"Encounters between Shirdi Sai Baba and Brahmims in Hagiographic Text and Film"
"Encounters between Shirdi Sai Baba and Brahmims in Hagiographic Text and Film,"
Jonathan Loar, PhD Candidate of Graduate Division of Religion, Emory University
Early twentieth-century hagiographic sources tell us that when Shirdi Sai Baba (d. 1918) arrived in Shirdi as a teenaged youth, no one knew where he came from; who his parents were; or what caste and religion he belonged to. These sources also tell us that Sai Baba became notable for two main reasons: his combination of Hindu and Islamic traditions, which has made him into a modern-day symbol of Hindu-Muslim unity; and his reputation as a powerful and efficacious miracle-worker. In hagiographic texts like G.R. Dabholkar’s Sri Sai Satcarita (1929) and films like Ashok Bhushan’s Shirdi ke Sai Baba (1977), we see a number of encounters between the saint and proud, purity-minded Brahmins and find that one pattern clearly emerges. The Brahmins initially oppose Sai Baba for a variety of reasons, but eventually come to see the error of their ways, as a result of miraculous experiences engineered by the saint.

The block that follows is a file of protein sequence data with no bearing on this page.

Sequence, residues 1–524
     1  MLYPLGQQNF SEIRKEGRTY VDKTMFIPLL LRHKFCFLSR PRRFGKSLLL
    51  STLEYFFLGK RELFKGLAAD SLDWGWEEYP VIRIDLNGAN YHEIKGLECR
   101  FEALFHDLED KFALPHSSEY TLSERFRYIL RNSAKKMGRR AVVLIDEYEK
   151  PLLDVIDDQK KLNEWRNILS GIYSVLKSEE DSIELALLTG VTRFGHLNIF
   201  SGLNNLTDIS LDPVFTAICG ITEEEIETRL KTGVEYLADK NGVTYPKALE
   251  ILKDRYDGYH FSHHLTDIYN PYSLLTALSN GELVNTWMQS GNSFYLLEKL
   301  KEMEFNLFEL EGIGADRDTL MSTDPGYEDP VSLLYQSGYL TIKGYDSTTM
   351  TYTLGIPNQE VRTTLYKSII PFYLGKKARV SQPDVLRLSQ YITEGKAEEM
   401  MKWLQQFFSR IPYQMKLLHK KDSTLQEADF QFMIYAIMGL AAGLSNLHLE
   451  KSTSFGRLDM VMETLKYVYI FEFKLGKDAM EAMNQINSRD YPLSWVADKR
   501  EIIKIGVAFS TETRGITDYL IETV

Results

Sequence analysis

Jonathan Loar’s presentation approaches these encounters as a way to understand the inclusion of Brahmins into the Sai Baba devotional community, a context where one’s high-caste status would be more of a social liability than an advantage. In doing so, it shows that the Shirdi Sai Baba hagiographic tradition contains elements of anti-Brahminism that manifest in miracle stories that critique Brahminical excesses, while simultaneously subordinating this critique to the construction of Sai Baba as a saint through whom anyone and everyone can be morally and spiritually rehabilitated.
Date: Tuesday, November 3, 2015
Time: 4:30 – 6pm
Venue: Callaway Center S-319, Emory University, 537 Kilgo Cir, Atlanta, GA 30322